The problem is that, now in the 4.1 branch, with the changes made to the callParent function code, the this.callParent() is calling the overriden constructor and I expect it not to do so, instead I expect it to call the Ext.data.AbstractStore constructor...

    Hope I explained myself better this time,

  4. #4
    Sencha - Ext JS Dev Team dongryphon's Avatar
    Join Date
    Jul 2009
    Posts
    1,293
    Vote Rating
    121
    dongryphon is a name known to all dongryphon is a name known to all dongryphon is a name known to all dongryphon is a name known to all dongryphon is a name known to all dongryphon is a name known to all

      0  

    Default


    Yes, this was changed as part of the Ext.define/override functionality. I will add it to the API changes page. If you haven't seen this yet, you might find it useful:

    PHP Code:
        Ext.define('My.patch.Store', {
            
    override'Ext.data.Store',

            
    constructor: function () {
            }
        }); 
    The override can then be "required" and dynamically loaded or brought into an optimized build. If an override is required (say 'My.patch.*'), it won't actually be used unless the target class is also used.

    From a design perspective, overrides in 4.1 are almost like partial classes and will allow a single class to be implemented in multiple, independent pieces (rather than the problematic approach of "AbstractFoo" and "Foo" classes).

    Is this need very common in your overrides?

    To bypass the original method, in 4.1, you have to go old-school:

    PHP Code:
        constructor: function () {
            ...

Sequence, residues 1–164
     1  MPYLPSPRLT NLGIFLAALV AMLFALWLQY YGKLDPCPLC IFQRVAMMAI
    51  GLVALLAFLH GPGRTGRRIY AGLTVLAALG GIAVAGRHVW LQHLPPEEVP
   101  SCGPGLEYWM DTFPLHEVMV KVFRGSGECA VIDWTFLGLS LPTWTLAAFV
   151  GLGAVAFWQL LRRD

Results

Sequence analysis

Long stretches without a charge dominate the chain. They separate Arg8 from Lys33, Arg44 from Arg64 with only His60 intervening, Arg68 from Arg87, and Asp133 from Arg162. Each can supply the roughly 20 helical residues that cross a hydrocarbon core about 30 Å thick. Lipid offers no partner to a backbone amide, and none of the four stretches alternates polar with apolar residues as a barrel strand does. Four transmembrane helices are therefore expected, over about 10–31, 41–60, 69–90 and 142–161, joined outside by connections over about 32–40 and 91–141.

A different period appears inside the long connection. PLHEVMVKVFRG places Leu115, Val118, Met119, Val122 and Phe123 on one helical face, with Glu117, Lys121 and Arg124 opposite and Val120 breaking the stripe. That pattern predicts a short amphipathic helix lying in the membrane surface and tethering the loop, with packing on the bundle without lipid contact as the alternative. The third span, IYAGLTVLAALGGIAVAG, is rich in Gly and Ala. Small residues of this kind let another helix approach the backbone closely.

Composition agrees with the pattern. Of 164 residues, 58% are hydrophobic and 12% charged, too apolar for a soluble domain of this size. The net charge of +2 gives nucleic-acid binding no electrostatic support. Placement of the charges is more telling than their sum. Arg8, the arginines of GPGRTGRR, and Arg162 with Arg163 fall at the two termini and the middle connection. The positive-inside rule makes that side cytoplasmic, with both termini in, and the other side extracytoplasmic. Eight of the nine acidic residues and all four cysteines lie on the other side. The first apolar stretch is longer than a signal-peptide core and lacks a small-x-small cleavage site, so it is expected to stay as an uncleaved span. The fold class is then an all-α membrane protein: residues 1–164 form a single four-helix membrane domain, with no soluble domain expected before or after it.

Ext.data.AbstractStore.prototype.constructor.call(this);
            ...
        } 
    Don Griffin
    Ext JS Development Team Lead

    Check the docs. Learn how to (properly) report a framework issue and a Sencha Cmd issue

    "Use the source, Luke!"

  5. #5
    Sencha Premium Member skirtle's Avatar
    Join Date
    Oct 2010
    Location
    UK
    Posts
    3,472
    Vote Rating
    280
    skirtle has a brilliant future skirtle has a brilliant future skirtle has a brilliant future skirtle has a brilliant future skirtle has a brilliant future skirtle has a brilliant future skirtle has a brilliant future skirtle has a brilliant future skirtle has a brilliant future skirtle has a brilliant future skirtle has a brilliant future

      0  

    Default


    I only use overrides to patch bugs. It's pretty common to need to skip the buggy overridden method in such circumstances. Personally I always used the 'old-school' prototype approach when I was doing this anyway, relying on the callParent() magic always struck me as a bit risky when I'm subverting a class's original methods.

  6. #6
    Touch Premium Member
    Join Date
    Nov 2010
    Location
    Chicago
    Posts
    1,287
    Vote Rating
    109